VISTAPRINT — SMALL ORDERS MEAN BIG BUSINESS
VistaPrint enjoys a high level of auto-mation through the cutting process. Here, a Polar cutter dices up business cards.
The executive team at VistaPrint, shown from the left, includes: Janet Holian, chief marketing officer; Robert Keane, chairman and CEO; and Chris Connors, vice president of production.
It is the ganging of jobs that allows VistaPrint to process multiple customer orders on one press sheet.
VistaPrint receives more than 15,000 orders per day, with 80 percent of revenues derived from offset work and the remainder digital.
WHEN IS a commercial printing firm not a commercial printing firm?
VistaPrint, of Lexington, MA, is neither fish nor fowl. Only 33 percent of its revenues are actually spent on print production. More than 34 percent is earmarked toward direct marketing. Another 11 percent is ticketed toward technology advancement.
You call this a printer? Where’s the sales staff? VistaPrint doesn’t have one. Heck, it doesn’t even deal with print buyers. Yet, the company posted sales of $152 million for its latest fiscal year, a 67 percent increase over the $90 million it did the previous year.
How can this be a printer? Where’s the customer support staff? A call center in Montego Bay, Jamaica? What if something goes wrong with the document files? You’ve got to be pulling my leg.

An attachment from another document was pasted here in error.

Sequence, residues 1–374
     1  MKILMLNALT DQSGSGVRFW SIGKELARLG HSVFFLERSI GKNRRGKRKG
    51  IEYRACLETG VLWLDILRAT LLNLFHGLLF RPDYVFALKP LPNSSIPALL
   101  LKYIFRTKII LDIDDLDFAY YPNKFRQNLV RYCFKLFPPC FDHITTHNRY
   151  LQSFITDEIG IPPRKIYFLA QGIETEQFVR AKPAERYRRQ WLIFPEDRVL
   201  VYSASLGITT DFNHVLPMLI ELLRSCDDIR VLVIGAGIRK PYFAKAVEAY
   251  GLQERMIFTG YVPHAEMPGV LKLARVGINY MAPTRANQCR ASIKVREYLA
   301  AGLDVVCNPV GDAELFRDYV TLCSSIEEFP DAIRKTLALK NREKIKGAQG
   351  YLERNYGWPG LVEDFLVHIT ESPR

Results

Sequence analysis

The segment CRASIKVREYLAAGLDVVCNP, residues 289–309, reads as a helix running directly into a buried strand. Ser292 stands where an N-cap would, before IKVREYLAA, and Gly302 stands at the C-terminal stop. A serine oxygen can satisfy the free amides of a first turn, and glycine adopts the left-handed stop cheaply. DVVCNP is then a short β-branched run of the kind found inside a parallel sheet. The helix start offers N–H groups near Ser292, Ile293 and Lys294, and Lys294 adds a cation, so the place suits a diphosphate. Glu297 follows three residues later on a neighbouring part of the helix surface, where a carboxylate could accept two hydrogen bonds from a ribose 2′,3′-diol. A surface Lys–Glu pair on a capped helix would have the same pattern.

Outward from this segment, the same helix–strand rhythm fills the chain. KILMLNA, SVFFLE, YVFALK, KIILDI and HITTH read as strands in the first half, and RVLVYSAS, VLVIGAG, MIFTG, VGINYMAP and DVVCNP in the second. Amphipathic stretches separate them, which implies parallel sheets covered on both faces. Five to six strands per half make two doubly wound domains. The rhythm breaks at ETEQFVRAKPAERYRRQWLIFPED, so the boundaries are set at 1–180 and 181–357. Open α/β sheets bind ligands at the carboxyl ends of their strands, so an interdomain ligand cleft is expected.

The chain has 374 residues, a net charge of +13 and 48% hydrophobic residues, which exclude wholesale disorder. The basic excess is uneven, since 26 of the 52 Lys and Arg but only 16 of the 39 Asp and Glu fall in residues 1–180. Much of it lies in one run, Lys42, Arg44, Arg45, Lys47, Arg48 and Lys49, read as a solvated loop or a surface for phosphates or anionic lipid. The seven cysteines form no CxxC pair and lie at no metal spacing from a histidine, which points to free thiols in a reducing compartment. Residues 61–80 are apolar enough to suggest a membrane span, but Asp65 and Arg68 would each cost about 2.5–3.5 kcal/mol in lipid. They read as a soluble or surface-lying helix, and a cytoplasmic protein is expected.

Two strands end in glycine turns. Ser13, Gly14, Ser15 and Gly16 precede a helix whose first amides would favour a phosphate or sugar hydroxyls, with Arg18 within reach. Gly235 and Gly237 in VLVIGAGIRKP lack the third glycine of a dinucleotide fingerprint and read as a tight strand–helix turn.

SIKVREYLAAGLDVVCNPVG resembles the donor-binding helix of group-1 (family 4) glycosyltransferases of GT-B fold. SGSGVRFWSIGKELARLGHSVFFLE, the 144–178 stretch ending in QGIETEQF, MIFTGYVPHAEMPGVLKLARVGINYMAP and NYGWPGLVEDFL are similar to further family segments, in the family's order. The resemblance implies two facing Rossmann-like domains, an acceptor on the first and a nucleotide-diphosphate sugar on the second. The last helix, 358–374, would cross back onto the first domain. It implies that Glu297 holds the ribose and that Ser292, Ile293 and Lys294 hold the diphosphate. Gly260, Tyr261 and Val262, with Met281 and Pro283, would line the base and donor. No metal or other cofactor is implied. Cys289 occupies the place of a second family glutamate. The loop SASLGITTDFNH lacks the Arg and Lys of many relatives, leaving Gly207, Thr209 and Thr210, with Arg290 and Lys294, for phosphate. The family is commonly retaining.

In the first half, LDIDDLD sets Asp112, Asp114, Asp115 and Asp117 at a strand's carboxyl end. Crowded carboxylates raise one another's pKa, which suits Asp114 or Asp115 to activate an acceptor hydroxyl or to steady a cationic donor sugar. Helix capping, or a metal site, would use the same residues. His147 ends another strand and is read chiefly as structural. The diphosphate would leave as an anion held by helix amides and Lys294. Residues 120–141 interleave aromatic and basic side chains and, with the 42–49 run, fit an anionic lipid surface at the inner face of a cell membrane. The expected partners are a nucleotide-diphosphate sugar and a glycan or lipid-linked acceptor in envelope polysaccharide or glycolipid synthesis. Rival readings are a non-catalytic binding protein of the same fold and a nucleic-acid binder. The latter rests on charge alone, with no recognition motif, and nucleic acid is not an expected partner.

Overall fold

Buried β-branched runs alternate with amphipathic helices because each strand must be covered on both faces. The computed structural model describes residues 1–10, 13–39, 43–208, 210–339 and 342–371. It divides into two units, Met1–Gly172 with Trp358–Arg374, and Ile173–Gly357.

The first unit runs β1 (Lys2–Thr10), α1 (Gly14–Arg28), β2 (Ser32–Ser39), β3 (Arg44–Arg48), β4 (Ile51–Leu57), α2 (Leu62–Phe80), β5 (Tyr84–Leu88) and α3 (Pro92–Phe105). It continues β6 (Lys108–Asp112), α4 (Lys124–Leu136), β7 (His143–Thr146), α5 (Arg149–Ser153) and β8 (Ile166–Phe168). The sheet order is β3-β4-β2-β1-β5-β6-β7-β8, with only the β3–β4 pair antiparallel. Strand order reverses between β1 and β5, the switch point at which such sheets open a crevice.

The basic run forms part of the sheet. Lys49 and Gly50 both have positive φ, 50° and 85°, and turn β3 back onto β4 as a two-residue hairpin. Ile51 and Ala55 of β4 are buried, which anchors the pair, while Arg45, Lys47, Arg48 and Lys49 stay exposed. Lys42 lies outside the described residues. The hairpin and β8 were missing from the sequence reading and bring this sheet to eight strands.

Cutting Out Hassles
OK, you get the picture. There is little to no prepress or pressroom hassle. There aren’t any contract proofs or press checks. No vertical markets to target. VistaPrint doesn’t churn out a single product in the United States, either; its two manufacturing facilities are based in Canada and The Netherlands.
What is appalling to anyone who hangs his/her shingle as a commercial printer. . .VistaPrint really has no competition. But it does have a fleet of eight MAN Roland 700 series sheetfed offset presses—all located with CTP units next to them—and 15 HP Indigo digital machines. So, if it’s not a printer, VistaPrint certainly has found a third dimension to its liking.
“Our model doesn’t work for the majority of the printing industry,” notes Robert Keane, chairman, president and CEO of VistaPrint. “We’ve been able to take traditional printing equipment and use it in a very different way. We’ve taken the idea of focused specialization to an extreme.”
Truth be known, VistaPrint is not a commercial printer. It is not a business-to-business operation per se, either. But it’s found a gold mine of a niche.